If you’re at all interested in adventuring on two wheels, you’ve probably run across the term “bikepacking.” This is exactly what it sounds like: a self-supported camping trip in a natural setting, but using a bike as transportation instead of walking. The big advantage over backpacking is that, just like on city streets, you can get farther and see more on two wheels than you can on two feet. Remote areas that would be all but inaccessible to a backpacker can be reached much more easily by bike. And even if you’re not up for a grand long-distance journey, you can still discover hidden gems during a simple overnight trip. Bikepacking lets you escape civilization faster and have more fun doing it.
So what’s the difference between bikepacking and traditional bike touring? Think backcountry access. A typical touring bike is a more sturdy road bike, with fairly skinny, smooth tires and drop (or “curly”) handlebars, generally made for pavement. For bikepacking, you want to be able to travel on unpaved surfaces — gravel or dirt roads, and possibly even mountain bike trails with mud and rocks. For this, you need a bike with wider tires that have some tread, and a rider position that keeps you stable over the rough stuff. There are a lot of bike options nowadays that will fit the bill, ranging from “gravel” or mixed-surface touring bikes that still have drop bars but can fit wider tires, to cross-country mountain bikes with front and rear suspension. The idea is to open up your access to all kinds of roads and trails that lead to secluded, and often beautiful, places to camp.
The other main difference is in how you carry your load. Traditional bike tourists use racks with front and rear panniers that have room for everything but the kitchen sink. It’s relatively easy to travel in comfort this way, but that comfort has a weight penalty that can make the bike unruly on rough roads.
For bikepacking, think light and simple. Typical bikepackers use bags without racks that fit into the frame, strapped to the handlebars, and under the seat. This configuration keeps the weight low and narrow to better balance on uneven surfaces. It also means that you’ll have to pare down the equipment you bring, for instance using a bivvy sack instead of a full tent, and a light camping stove instead of the big one that lets you make flapjacks in the morning. It’s an exercise in minimalism that is often good for removing clutter from the experience.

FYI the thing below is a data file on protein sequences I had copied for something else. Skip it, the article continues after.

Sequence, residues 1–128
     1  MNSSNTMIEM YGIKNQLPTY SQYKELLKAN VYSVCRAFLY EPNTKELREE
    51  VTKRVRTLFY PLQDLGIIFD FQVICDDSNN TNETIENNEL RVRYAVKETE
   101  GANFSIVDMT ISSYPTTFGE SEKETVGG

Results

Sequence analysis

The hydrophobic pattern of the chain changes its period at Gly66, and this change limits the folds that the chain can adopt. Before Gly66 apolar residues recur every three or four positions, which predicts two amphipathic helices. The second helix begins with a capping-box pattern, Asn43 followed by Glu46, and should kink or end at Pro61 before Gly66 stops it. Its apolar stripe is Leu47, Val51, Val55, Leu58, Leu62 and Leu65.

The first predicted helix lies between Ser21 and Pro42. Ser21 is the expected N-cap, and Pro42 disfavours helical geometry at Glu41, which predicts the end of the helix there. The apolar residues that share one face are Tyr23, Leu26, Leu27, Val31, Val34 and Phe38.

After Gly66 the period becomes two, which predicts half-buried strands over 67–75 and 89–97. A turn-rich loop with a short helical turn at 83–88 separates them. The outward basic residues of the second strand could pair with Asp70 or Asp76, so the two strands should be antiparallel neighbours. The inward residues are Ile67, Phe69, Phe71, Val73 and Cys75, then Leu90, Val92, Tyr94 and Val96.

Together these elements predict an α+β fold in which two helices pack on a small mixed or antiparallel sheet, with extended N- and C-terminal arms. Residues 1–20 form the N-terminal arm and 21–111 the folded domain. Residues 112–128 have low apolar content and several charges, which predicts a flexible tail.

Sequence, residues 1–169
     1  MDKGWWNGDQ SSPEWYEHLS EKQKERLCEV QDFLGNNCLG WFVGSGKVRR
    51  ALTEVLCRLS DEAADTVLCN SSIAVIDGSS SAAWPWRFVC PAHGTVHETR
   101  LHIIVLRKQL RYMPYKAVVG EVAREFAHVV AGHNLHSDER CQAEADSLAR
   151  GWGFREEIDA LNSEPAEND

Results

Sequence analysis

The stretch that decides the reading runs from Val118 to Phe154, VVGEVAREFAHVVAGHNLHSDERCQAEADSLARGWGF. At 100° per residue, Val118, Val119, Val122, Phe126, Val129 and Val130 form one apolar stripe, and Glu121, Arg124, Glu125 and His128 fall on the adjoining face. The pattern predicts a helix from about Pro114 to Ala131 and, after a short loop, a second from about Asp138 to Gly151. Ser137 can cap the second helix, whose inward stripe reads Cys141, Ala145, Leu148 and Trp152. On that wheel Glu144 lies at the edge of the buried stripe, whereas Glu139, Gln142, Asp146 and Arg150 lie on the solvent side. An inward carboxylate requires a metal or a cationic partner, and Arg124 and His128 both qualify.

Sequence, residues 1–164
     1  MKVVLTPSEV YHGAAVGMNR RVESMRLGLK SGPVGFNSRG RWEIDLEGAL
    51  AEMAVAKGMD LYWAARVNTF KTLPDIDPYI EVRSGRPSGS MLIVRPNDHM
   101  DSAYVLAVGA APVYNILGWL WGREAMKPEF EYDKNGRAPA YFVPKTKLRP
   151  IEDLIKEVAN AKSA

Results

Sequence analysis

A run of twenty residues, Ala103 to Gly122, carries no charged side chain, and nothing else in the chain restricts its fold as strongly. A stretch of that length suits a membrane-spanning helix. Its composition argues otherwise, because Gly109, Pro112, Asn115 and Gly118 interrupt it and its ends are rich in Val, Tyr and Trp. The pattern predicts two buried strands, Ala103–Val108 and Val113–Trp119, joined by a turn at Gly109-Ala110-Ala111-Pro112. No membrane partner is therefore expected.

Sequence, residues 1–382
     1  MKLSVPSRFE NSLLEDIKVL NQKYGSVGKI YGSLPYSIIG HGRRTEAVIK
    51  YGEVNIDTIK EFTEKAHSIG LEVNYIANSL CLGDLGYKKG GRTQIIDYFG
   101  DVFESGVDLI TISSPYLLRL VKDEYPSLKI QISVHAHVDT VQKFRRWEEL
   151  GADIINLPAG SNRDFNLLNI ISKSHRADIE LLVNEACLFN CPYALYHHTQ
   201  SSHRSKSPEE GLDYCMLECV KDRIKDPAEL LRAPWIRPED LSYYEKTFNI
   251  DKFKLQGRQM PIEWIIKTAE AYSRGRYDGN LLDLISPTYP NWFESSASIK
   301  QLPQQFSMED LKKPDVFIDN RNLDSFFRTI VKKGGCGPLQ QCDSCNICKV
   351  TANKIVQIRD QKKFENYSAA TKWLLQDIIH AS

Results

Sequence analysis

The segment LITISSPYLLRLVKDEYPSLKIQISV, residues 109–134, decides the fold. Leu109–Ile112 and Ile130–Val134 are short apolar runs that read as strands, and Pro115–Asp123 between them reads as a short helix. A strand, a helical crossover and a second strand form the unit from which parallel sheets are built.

Image credit: Flickr : Gabriela Madeus.
Where to go? There are a ton of options. To start out with an easier experience, rail-trails provide a relatively level and smoother pathway that is likely to have amenities along the way. The Great Allegheny Passage and the C&O Canal Towpath (together known as the COGAP), stretching from Pittsburgh to Washington, D.C., is a great rail-trail option that features a multitude of scenic stops along its 335 miles, plus convenient transportation at either end by rail or air. The Rails-to-Trails Conservancy has information on many more such routes.
Perhaps the granddaddy of all bikepacking routes is the Great Divide Mountain Bike Route, stretching 2,745 miles from Banff, Alberta, Canada, to Antelope Wells, New Mexico, and encompassing all kinds of surfaces and weather conditions — plus spectacular scenery. Searching out state and national parks is another good way to find likely areas. (But, keep in mind, you’ll have to avoid riding on those trails designated for hikers only.) The Adventure Cycling Association is a great resource for (waterproof!) maps, including the Great Divide Route and a newly designated off-road loop, the Idaho Hot Springs Mountain Bike Route.
To delve further into the exciting possibilities of bikepacking, check out Bikepacking.net. As always, your local bike shops are a great place to start for advice on gear and strategy, and maybe even to find other people in your area who want to set out for the first time. It’s not a bad idea to go with someone who can show you the ropes. Good luck!